Art project promotes unity

In 1982, artist Paul Goodnight was hired as part of the Massachusetts Artists-in-Residence program to teach a 3-month residency at suburban Lincoln-Sudbury (Mass.) Regional High School. At the time, there was racial tension between the school's predominantly white student body and the small number of black students who were bused in from Boston through the METCO program. Bradford Sargent, superintendent/principal at the school, says they sought a black artist to help ``bridge the gap between students and to give the black students a chance to share a glimpse of black culture with the whole school community.''

The artist assembled a core group of 16 black and white students and they began planning a 70-foot wall mural for the school.

``I divided them into teams,'' Mr. Goodnight says ``and they had to overcome their conflicts to work together.'' He believes his ability to ``really listen'' to the students was the key to the project's success. ``If you're very real with kids, they'll be real with you. ... They can tell if you're only interested in whether they learned the lesson well or if you care how the ideas fit into their own experience of life.''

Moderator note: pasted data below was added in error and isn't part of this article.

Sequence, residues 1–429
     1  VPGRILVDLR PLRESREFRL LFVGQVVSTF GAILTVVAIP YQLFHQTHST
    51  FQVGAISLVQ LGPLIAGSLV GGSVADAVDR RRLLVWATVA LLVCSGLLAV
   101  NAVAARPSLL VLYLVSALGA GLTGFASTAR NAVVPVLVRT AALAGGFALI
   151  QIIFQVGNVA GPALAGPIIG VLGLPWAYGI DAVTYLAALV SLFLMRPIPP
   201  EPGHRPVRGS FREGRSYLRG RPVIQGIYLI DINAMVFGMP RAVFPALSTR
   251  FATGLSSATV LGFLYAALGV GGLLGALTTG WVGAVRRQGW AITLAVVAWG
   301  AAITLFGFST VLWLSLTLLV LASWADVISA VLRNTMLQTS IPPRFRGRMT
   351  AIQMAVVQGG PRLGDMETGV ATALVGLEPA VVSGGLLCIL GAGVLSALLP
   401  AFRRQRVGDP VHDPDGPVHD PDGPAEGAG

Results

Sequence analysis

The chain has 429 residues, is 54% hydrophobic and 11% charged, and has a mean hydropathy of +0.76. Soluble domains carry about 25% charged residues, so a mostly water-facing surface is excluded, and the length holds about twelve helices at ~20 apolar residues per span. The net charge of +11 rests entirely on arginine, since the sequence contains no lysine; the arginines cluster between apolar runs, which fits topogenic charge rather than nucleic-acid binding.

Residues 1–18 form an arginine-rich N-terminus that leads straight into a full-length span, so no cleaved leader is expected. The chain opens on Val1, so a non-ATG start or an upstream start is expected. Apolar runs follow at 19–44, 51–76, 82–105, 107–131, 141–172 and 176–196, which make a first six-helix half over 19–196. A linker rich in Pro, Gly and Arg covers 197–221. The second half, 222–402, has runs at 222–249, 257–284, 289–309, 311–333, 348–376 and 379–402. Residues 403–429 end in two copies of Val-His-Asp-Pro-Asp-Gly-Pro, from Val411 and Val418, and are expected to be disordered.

As the mural developed, the students' enthusiasm attracted their friends to the project and a schoolwide sense of pride began to evolve. ``After a time, everyone wanted to get involved,'' says Goodnight with obvious pleasure, ``and that includes the teachers and the janitor too! Kids would give up lunch and recess just to put in some time on the wall.''

Even now, Goodnight still keeps in touch with most of the students in his workshop - seven of whom, he is proud to note, chose to go on to art school. Because the experience was so positive, this past year the high school had the artist return to do a new mural project for the auditorium. And this time, there was no shortage of student volunteers.

``His whole life is dedicated to making a difference'' is Mr. Sargent's ultimate praise for Goodnight.

``I look at that mural now and I remember those students, the pride in what they'd accomplished ... and it reminds both students and teachers: there's a real world out there beyond the classroom. Sometimes we forget.''

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